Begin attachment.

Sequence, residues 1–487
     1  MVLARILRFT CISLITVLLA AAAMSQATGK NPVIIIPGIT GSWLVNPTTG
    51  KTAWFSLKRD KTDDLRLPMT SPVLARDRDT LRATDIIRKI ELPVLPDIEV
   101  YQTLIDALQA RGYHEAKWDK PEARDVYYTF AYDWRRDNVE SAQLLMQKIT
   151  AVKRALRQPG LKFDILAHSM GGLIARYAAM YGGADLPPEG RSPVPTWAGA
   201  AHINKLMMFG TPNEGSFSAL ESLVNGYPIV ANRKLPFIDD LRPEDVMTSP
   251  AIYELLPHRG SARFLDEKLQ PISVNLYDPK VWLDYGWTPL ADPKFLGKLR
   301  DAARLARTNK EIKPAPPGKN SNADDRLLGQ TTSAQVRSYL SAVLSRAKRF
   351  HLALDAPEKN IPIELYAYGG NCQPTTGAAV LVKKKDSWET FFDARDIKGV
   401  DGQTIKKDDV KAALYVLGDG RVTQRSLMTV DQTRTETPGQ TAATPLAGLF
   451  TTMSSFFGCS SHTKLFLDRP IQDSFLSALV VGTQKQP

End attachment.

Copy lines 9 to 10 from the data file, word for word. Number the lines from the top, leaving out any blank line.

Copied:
   351  HLALDAPEKN IPIELYAYGG NCQPTTGAAV LVKKKDSWET FFDARDIKGV
   401  DGQTIKKDDV KAALYVLGDG RVTQRSLMTV DQTRTETPGQ TAATPLAGLF